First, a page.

Last year, a Nortel reseller significantly increased its revenue, becoming one of our best performers and achieving Gold Partner status. So what made the difference? The answer is solutions-based selling.
In 2005 the channel started to see a shift towards a solutions-based approach to selling, and this is gaining momentum in 2006. Customers are facing more complex challenges in areas such as convergence, security, compliance, regulation and legislation. They are looking to VARs for a broader range of expertise and skills to address these challenges.
This is an opportunity for the channel to offer customers more value and secure more margins for themselves by delivering business applications that make a difference to customers’ businesses.
Today’s resellers should look to knit together different technologies and put together a coherent solution. For example, a customer who wishes to build a contact centre needs to source and integrate many products to deliver voice recording, voice recognition, call routing, CRM and IP telephony. The complex system can be brought together only through the knowledge of how to source the right products and skills to integrate them.
Many would assume that this has been happening for years, but there has been no big driver to alter the way VARs sell. But things are changing.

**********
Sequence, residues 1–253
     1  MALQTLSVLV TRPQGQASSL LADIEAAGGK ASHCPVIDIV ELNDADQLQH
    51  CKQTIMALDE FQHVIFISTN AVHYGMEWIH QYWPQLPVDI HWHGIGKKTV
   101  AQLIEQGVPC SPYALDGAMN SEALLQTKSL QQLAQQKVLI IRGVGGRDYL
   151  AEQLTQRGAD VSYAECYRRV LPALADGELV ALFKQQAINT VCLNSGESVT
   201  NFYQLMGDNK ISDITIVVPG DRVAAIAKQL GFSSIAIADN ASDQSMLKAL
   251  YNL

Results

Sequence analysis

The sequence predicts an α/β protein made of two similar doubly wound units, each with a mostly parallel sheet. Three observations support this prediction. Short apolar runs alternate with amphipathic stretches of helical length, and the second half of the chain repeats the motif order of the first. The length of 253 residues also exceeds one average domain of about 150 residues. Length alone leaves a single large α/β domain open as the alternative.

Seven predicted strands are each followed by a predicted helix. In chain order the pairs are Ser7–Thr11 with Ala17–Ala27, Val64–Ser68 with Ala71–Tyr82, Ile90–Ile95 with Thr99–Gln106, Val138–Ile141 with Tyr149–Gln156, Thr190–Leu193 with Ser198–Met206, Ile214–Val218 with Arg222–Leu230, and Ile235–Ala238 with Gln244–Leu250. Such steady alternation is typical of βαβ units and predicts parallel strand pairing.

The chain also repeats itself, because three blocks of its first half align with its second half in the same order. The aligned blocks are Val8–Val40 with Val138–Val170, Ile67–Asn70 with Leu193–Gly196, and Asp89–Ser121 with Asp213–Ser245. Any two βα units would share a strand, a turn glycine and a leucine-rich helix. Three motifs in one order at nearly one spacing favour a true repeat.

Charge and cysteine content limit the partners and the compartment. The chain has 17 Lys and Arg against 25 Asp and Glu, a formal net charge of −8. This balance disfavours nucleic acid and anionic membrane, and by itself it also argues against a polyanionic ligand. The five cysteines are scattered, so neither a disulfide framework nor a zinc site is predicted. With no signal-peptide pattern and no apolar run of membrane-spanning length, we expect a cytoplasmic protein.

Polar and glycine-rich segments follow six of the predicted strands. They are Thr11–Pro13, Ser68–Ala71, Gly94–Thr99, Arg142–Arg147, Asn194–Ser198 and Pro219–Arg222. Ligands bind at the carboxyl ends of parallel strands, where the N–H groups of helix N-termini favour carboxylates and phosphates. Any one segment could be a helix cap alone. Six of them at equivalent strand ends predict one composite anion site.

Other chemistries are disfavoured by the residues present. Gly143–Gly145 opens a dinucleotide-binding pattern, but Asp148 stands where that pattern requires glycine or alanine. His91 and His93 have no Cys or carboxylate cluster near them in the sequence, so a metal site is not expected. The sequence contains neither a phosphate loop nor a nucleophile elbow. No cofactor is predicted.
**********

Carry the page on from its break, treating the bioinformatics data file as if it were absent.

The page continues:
If you needed a telephony system 10 years ago, you would go to the reseller and you would specify the requirements of a telephony system. The VAR would design the system and give you a price. However, when telephony becomes an application on a converged network, new considerations come into play.
To develop the right solution, VARs need an understanding of the business drivers that motivate customers, as well as the technical factors. Consultancy is an integral part of a solutions-based sale.
The vendor’s role should not be under-estimated when adopting a solutions focus. Given that the approach to selling to end-users has changed, VARs should expect vendors to provide a different kind of training and support to partners. Training should no longer focus on the features and benefits of the product. Instead it should help VARs understand the customer challenge, and how to use the products to address the business need.
It is clear that the channel is starting to adopt this approach. Indeed, now that technology such as voice over IP is mainstream, there is little choice. In 2006, VARs need to skill-up and exploit the genuine opportunity that is now out there.
Tony Bailey is vice-president of UK and Ireland channel enterprise networks at Nortel.
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